I really hate whe people say, “You shouldn’t point out (ism), it only makes it worse!!” Um, no. Ignoring it makes it worse. And just because you don’t think someone is sexist (especially considering the fact that you, yourself, do not experience sexism in the same way that women do), doesn’t mean it doesn’t exist.

    But “last few”?! Really? Seriously?!

    But moving on…

    THAT SAID, this comic was rather funny, and yes, men can get sexism. Randall got it perfectly, at least in this particular strip (he misses the mark sometimes, but he’s only human). It’s sardonic and freakin’ spot-on.

  14. A funny cartoon and a silly controversy; and if you’re offended it’s probably a good indication someone should be making jokes about your offencesensitivity issues. Anyone know any good jokes about pompous over sensitive haters of porn for women jokes written by men? Where’s Opus when you need him!!

  15. @Expatria:

    I can understand that argument, if only from the perspective that there is a line between men fighting alongside women and men fighting FOR women as if they can’t stand up for themselves.

    Spot on!

    Men also shouldn’t say to a woman, “I don’t think that is sexist, why are you saying it’s sexist?! It’s not sexist!”

    Also, many men have the best of intentions, but they tend to forget that their world-view is based off of, well, their world-view and experiences as men. So when certain men start trying to argue that such-and-such isn’t sexist, and that women should just ~lighten up~ or stop pointing out sexism (because he doesn’t feel it is sexist), that man is not fighting alongside women; that man is now (trying to) fighting for, or against, women.

    Even the best feminist men out there can’t completely “get” how sexism (and feminism) affects women in their daily lives. You just can’t.

    And even those “minor” instances of sexism that might not seem like a big deal to a man, are still big deals, because they all add up. Small shit matters, just like in racism or homophobia. Like that one time my male friend followed me to Discount Tire after my tire blew, so I wouldn’t be stranded. I had to *literally* stand in front of my friend so the mechanic would talk to ME, and not my male friend.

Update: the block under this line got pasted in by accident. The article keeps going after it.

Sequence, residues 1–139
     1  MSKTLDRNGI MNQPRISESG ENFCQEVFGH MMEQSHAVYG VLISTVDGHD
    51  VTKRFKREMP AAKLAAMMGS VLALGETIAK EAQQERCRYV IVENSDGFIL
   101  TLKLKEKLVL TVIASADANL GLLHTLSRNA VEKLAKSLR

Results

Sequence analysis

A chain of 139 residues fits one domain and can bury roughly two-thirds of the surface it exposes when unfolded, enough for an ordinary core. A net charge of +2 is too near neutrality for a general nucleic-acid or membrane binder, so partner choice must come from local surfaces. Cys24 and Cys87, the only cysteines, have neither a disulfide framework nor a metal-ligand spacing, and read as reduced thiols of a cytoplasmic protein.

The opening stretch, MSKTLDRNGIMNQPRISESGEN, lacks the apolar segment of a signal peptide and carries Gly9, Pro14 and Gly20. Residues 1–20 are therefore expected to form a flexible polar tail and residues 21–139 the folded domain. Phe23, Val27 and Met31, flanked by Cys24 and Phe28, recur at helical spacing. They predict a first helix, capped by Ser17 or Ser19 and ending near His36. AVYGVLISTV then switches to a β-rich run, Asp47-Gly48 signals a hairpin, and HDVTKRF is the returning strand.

It may seem minor to most men, but that is the kind of shit women experience on a DAILY basis, and even the smallest things add up. It’s all harmful. It’s just as important to stop the small stuff as it is to stop the big stuff.

  16. I’m a man that thinks women should be treated the same as men. Label me as you see fit, I can’t be bothered.

    But part of treating people equally, in my book, is letting them get offended or laugh. IMO if the intent isn’t hurtful then it’s comedy whether someone is offended or not.

  17. And this “sexism is so rare nowadays!” attitude is not based in reality.

    In a society that can make miscarriages into a crime, sexism is NOT rare. In a society that is still fighting for women to have the right to choose, sexism is NOT rare. In a society where equal rights for gays, lesbians, and transgendered folks is a constant, huge, painful uphill battle, sexism is NOT rare.

    Yes, it’s better for many … but not for all. I for one would not want to live in Utah, as a woman.

    Hell, I live in Arizona. My right to choose is limited here. Not nearly as much as it is in Utah and in some other states, and I’m lucky that I live in a big city, but my reproductive rights are still on trial, and it’s something I think about every.single.day.

    And reproductive rights are just the tip of the iceberg.

    It’s easy for a man to say sexism isn’t really a big deal anymore, but to me, that goes to show that, no, you don’t really get it, and you don’t really want to.

  18. 1. I thought this was actually funny. (I really HA!ed IRL.)
    2. I thought this wasn’t some guy trying to speak for all women everywhere “in my porn” not in all porn or women’s porn or good porn or real porn (also note people which I smiled at).
    3. I’m always happy to have men who are glad to stand up and fight alongside women in issues of sexism.